There’s a scene in “The Godfather” where Michael Corleone goes to the hospital to see his gravely injured father. He’s shocked to find there are no police guarding the hospital and quickly engages Enzo, the baker, to stand with him on the hospital steps, trying to look tough, to deter bad guys from entering to finish the Don off.

I had a moment like that a few weeks ago, arriving at Congregation Beth Sholom for the High Holy Days service. The familiar Anchorage Police Department car that usually greets our members in the parking lot was absent. And it gave me an eerie feeling. A friend sent me a message the same day. “What time are the services?” she asked. “It’s not on the website.” I checked and sure enough, no time was mentioned on the synagogue website. I inquired about it and learned that Congregation Beth Sholom was advised not to post the time of its services on line for security reasons.

I could never have imagined that just a month after these two experiences I’d be reading about 11 fellow Jews in the Pittsburgh neighborhood of Squirrel Hill being gunned down as they prayed. The shooter arrived just as services started. What does this say about our country today? Do we really envision a nation where every church, mosque and synagogue must have armed guards for its services?

{Click here for the KTVA story on the vigil.}

Last night I sat among people of every faith and race in my synagogue in my city, Anchorage. Muslims, Christians, a large contingent from the Salvation Army — all sat in solidarity with Anchorage’s Jewish community. The words of Anchorage’s First Lady, Mara Kimmel, urged healing, recovery and resilience. She reminded us that we Jews, given our history, must never stay silent when we hear racist language and calls to violence, and when we see the rights of others, especially immigrants, under attack. Had the United States not been open to our grandparents and great-grandparents, many of us would not be here as Americans today. And because America closed its doors to immigrants at certain times in history, like during World War II, some of our grandparents and great-grandparents ended up victims of the Holocaust, mine among them. Perhaps the most compelling moment of the evening, amid the prayer and healing words, was the presentation by Congregation Beth Sholom’s longtime executive director, Robin Dern. She told us this was only her second time in over 20 years with the synagogue to speak from the bima (stage), the first being the bat mitzvah of her daughter, Maddie. She was compelled to stand up because she grew up in the Squirrel Hill neighborhood. Three of the victims were a part of her Pittsburgh childhood. She recounted the life events she experienced at the Tree of Life synagogue. Her sense of outrage at a hateful assassin gunning down worshipers in her and Mr. Rogers’ neighborhood was heartrending. She reminded us how small the world truly is. She reminded us that it’s gotten very unsettled and complicated in our nation.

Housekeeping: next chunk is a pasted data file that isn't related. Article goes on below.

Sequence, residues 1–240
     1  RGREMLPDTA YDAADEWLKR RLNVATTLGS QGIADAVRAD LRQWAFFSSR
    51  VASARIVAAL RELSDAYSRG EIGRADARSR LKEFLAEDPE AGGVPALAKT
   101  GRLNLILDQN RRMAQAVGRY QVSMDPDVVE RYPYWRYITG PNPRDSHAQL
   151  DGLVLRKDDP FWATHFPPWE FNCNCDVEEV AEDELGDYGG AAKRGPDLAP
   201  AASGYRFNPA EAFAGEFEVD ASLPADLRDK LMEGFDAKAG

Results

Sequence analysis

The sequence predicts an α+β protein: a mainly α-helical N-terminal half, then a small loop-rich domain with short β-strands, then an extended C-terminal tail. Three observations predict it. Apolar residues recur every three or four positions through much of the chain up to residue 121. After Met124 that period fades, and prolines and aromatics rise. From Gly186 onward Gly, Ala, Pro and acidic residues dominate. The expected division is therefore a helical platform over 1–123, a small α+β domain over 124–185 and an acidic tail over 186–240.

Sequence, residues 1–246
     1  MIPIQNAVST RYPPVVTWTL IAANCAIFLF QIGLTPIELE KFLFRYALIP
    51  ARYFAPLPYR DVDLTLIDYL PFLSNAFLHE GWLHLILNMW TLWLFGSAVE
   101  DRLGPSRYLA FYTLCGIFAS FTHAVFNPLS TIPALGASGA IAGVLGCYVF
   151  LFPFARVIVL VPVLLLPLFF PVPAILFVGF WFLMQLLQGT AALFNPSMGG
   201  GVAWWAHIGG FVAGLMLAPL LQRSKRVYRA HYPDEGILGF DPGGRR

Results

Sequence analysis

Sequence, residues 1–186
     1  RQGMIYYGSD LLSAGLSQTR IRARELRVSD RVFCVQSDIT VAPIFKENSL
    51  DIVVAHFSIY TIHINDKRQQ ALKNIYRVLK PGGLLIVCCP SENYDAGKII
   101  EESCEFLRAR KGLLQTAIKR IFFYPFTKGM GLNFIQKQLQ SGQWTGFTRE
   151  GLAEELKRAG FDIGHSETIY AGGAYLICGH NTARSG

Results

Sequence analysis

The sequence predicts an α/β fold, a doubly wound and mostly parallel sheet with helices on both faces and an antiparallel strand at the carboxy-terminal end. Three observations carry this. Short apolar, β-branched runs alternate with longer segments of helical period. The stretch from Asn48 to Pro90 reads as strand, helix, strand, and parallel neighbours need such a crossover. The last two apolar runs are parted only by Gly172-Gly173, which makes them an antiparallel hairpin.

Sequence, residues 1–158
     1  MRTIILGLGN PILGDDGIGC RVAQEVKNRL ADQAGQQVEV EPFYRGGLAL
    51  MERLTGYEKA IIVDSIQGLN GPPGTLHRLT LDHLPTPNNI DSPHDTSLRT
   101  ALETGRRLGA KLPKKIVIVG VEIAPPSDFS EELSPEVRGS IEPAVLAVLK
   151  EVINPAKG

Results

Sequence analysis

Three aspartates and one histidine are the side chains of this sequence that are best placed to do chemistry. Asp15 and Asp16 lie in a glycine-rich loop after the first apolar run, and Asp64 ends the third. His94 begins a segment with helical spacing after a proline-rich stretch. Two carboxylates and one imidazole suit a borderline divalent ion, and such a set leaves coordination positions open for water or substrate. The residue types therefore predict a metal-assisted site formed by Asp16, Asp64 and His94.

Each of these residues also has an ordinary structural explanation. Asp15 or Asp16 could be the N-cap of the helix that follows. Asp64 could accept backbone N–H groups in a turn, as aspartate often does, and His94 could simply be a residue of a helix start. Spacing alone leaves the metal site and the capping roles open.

Rabbi Michael Oblath is seen at the Congregation Beth Sholom vigil on Monday, Oct. 29, 2018.

Unsettled it is. And heal we must. I can’t help but think that Sen. Ted Stevens and his Democratic brother Sen. Dan Inouye are turning over in their graves at the level of partisanship and incivility that has gripped the United States of America. Robin Dern identified the slaughtered Pittsburgh worshipers as her heroes. America now more than ever needs heroes. Leaders who will work for the public good, respecting all points of view. We cannot continue to embolden those with racist, violent, anti-Semitic views to believe that taking violent action is acceptable in America today.

Alaska has led our nation as a proponent of civil rights for all in the past. We must hold to these principles more than ever today.